Should You DIY Home Cleaning Supplies to Kill COVID-19 and Flu Viruses?
Experts share their favorite disinfectants, important safety tips, and top DIY dos and don’ts.
With flu season just around the corner and COVID-19 indicating no signs of letting up, you’ll want to keep your home as germ-free as possible. But should you prepare to make disinfectants yourself in case there’s a panic-driven run on sprays, wipes, and other ready-to-use products at stores? And when it comes to safety, are there any DIY dos and don’ts?
Know Your Goal(s) Before You Get Started
When it comes to germs, it’s important to decide if you are trying to remove them or kill them. The Centers for Disease Control and Prevention (CDC) is clear in distinguishing between the two processes:
Cleaning removes germs, dirt, and impurities from surfaces; by lowering the number of germs, cleaning reduces the risk for spreading infection.
Disinfecting uses chemicals to actually kill germs on surfaces.
Whether you are cleaning or disinfecting, the goal is to “limit survival of the virus,” says Michael Schmidt, PhD, a professor of microbiology and immunology at Medical University of South Carolina in Charleston. Pay particular attention to household surfaces that are touched by many people, he adds, to minimize the risk that germs will spread; communal areas include the kitchen, bathrooms, and entryways. Spaces like bedrooms and bathrooms that are used by sick household members should be disinfected daily.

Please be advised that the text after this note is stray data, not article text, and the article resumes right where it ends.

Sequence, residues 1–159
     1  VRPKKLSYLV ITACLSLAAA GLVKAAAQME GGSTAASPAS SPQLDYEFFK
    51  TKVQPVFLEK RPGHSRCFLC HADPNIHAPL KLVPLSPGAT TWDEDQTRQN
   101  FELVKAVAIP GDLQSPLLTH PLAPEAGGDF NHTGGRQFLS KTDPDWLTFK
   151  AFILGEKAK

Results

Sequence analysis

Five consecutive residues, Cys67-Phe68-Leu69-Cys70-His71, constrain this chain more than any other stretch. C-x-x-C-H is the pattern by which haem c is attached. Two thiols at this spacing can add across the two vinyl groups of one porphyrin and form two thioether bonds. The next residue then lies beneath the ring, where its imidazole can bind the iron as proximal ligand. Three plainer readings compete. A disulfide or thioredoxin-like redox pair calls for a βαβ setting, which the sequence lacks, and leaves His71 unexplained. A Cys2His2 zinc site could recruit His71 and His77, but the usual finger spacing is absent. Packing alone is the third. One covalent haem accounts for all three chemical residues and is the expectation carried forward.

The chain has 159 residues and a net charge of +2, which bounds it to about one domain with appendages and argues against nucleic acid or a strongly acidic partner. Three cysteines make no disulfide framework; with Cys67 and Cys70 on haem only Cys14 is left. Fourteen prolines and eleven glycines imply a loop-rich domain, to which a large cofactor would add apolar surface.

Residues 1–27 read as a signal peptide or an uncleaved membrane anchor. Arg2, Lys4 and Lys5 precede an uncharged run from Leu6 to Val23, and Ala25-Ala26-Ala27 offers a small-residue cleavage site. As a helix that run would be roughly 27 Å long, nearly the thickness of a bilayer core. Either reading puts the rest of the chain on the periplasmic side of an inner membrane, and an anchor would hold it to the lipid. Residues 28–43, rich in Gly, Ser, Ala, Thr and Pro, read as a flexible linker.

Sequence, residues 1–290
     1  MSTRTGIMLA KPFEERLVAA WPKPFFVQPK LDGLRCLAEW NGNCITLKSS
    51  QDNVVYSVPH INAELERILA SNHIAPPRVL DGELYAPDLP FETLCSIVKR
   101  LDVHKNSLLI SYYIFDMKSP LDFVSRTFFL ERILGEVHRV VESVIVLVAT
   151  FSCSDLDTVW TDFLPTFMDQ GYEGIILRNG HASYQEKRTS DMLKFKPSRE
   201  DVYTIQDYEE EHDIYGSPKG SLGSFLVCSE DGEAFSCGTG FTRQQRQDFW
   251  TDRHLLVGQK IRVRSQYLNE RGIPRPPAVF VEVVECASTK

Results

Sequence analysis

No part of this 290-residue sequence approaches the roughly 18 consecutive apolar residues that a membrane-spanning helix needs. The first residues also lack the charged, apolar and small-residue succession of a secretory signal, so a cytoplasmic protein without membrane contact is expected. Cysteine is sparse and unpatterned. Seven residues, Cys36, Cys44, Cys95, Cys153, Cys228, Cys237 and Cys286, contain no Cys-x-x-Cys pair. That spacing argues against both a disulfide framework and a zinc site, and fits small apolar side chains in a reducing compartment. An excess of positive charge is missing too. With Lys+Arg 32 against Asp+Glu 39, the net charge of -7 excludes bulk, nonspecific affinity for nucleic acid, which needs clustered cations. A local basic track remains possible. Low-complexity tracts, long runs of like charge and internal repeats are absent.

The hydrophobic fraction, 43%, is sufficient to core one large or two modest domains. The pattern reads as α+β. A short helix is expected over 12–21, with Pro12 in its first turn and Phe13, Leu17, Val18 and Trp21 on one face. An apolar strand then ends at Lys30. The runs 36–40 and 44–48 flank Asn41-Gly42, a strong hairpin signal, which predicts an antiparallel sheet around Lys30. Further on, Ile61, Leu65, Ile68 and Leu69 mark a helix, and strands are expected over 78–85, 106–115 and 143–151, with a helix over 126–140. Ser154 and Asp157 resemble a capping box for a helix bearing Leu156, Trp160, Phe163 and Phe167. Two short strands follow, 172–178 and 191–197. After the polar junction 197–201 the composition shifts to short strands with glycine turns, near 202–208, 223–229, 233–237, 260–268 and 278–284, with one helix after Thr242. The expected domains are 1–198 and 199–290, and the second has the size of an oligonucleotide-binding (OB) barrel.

Products That Kill Germs
The Environmental Protection Agency (EPA) provides a list of disinfectants that are proven effective for killing different types of coronaviruses on surfaces — including SARS-CoV-2, the coronavirus that causes COVID-19 — as well as other pathogens. Keep in mind that if a product is missing from the list, that doesn’t mean that it’s ineffective against SARS-CoV-2 but that the agency has not reviewed information showing it can kill the virus.
One familiar ingredient on the list is citric acid (found in citrus fruits like limes and lemons), which has been shown to be active against bacteria and fungi, according to new study findings published on August 27, 2020, in the journal BMC Microbiology. But to effectively kill germs, citric acid needs to be mixed with vinegar (acetic acid) in very specific ratios, which can make it less useful as a general disinfectant.